Another possible entry point for rhetoric and composition faculty to help develop a faculty writing culture is to talk to colleagues in other disciplines about how to teach writing. This approach may offer another space to develop a faculty writing culture, as many professors consider the teaching of writing through their own past identities as writers (Geller 2013, 3). Such conversations are rich terrain for fostering conversations about faculty identities as writers and have strong tie-ins to other faculty development efforts offered by centers for teaching excellence on campus.
Working from an emphasis on teaching writing works especially well at teaching-mission colleges and universities because it combats the impulse to disconnect faculty from research writing and, in fact, draws attention to the similarities between faculty and student writing difficulties (Geller 2013). Suggesting one avenue for teaching writing pedagogy to faculty writers, Moore, Felten, and Strickland (2013) point out that writing across the curriculum (WAC) programs could offer faculty residencies where faculty who teach these courses can learn writing pedagogy and work on their own writing as a means to better learn the writing pedagogy. This, in turn, could lead to faculty giving stronger writing assignments to students, as Cox and Brunjes assert: “When faculty learn about their own writing through writing pedagogy, they keep their knowledge and practice around the teaching of writing invigorated and effective” (2013, 192).
Once faculty see themselves as writers, they are more sympathetic to the struggles their students face as writers because “teachers who experience writing difficulty not only connect emotionally to their students, something they might do after writing what their students write, but they gain clarity about how students learn to write better” (Reid 2009, W201). For institutions that pride themselves on strengthening student writing, this strategy not only strengthens faculty writing culture but also writing across disciplines. Connecting the teaching of writing and writing for publication is already an established practice in the field of rhetoric and composition , and this practice should be shared with other faculty, particularly those worried about how to balance research writing and teaching. Both encouraging an identity as a writer and linking publication writing with teaching benefit universities by offering more sustainable models for faculty writing lives.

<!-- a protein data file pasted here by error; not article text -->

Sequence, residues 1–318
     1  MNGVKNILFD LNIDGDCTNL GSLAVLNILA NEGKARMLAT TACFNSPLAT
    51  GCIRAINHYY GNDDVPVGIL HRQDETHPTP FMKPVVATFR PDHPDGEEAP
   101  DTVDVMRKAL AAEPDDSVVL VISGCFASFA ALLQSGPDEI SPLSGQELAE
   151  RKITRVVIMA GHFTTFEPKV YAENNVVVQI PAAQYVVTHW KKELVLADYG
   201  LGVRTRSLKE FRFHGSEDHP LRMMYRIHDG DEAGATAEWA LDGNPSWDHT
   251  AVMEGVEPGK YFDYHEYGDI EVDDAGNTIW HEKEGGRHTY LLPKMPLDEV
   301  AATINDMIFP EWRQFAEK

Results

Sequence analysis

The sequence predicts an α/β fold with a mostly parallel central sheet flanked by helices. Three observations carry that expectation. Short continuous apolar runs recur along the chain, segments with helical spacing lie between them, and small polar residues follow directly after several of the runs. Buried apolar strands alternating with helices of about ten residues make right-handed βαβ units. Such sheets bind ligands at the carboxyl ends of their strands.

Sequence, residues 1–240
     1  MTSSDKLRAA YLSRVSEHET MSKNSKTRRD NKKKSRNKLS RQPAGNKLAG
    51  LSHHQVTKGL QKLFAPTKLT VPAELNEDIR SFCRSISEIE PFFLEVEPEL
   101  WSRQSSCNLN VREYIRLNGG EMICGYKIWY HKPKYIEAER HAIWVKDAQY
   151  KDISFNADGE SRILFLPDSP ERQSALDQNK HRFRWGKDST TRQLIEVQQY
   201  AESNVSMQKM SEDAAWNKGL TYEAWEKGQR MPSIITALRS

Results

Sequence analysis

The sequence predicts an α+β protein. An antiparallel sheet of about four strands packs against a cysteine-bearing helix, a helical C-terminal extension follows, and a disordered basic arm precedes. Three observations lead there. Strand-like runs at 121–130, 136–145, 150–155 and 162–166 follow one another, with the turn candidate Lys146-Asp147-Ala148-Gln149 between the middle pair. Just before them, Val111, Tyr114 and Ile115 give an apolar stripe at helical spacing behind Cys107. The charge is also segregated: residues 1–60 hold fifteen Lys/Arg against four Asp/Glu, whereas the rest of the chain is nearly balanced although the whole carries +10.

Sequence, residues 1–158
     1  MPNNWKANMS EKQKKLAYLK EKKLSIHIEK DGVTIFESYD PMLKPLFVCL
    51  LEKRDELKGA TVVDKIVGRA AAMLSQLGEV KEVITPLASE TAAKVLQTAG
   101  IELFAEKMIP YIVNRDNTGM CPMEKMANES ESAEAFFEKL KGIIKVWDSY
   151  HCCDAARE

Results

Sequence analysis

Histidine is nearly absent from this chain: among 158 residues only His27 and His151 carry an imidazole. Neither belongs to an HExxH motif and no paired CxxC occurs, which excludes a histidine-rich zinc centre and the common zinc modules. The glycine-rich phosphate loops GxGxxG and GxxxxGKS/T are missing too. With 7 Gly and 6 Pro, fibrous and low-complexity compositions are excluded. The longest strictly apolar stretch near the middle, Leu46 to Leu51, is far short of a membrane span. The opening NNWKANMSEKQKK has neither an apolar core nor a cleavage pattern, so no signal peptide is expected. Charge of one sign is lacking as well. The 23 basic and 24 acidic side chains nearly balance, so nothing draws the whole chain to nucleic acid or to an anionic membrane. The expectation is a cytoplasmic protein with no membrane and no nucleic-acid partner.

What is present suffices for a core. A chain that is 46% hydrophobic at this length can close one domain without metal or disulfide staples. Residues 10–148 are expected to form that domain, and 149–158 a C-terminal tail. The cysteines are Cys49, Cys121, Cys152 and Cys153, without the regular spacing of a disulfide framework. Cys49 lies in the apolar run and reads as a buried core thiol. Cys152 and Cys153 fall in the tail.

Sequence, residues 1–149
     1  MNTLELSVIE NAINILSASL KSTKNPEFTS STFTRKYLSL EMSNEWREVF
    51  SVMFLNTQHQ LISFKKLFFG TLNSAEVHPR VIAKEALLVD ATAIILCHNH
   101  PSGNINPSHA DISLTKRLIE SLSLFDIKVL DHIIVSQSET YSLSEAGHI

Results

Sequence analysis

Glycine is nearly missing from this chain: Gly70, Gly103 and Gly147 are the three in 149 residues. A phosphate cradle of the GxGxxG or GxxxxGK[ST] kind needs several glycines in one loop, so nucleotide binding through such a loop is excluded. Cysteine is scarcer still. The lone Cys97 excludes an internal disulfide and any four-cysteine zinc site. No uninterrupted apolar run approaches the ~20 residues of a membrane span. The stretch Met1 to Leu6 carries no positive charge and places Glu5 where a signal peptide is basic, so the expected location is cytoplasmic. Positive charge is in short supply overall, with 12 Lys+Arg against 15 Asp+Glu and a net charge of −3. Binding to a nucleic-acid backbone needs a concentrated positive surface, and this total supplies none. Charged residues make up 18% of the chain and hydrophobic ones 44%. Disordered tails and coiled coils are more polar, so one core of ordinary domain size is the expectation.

Carnell, Eileen, Jacqui MacDonald, Bet McCallum, and Mary Scott. 2008. Passion and Politics: Academics Reflect on Writing for Publication. London: University of London.
Cox, Michelle, and Ann Brujes. 2013. “Guiding Principles for Supporting Faculty as Writers at a Teaching-Mission Institution.” In Working with Faculty Writers, ed. Anne E. Geller and Michele Eodice, 191–209. Logan: Utah State University Press.
Geller, Anne Ellen. 2013. “Introduction.” In Working with Faculty Writers, ed. Anne E. Geller and Michele Eodice, 1–20. Logan: Utah State University Press.
Moore, Jessie L., Peter Felton, and Donna Strickland. 2013. “Supporting a Culture of Writing: Faculty Residencies as a WAC Initiative.” In Working with Faculty Writers, ed. Anne E. Geller and Michele Eodice, 127–41. Logan: Utah State University Press.
Reid, E. Shelley. 2009. “Teaching Writing Teachers Writing: Difficulty, Exploration, and Critical Reflection.” College Composition and Communication 61 (2): W197–W221.
Toor, Rachel. 2015. “Scholars Talk Writing: Anthony Grafton.” http://racheltoor.com/scholars-talk-writing-anthony-grafton/. Chronicle of Higher Education, September 12.
Christine E. Tulley is professor of rhetoric and writing and founder and director of the Master of Arts in Rhetoric and Writing Program at the University of Findlay. She also serves as the Academic Career Development Coordinator for the UF Center for Teaching Excellence to support faculty scholarship productivity on campus. She is the former Praxis section editor for Kairos: A Journal of Rhetoric, Technology, and Pedagogy, the reviews editor for Computers and Composition, and winner of the Ellen Nold Award for Best Article in Computers and Composition for 2014.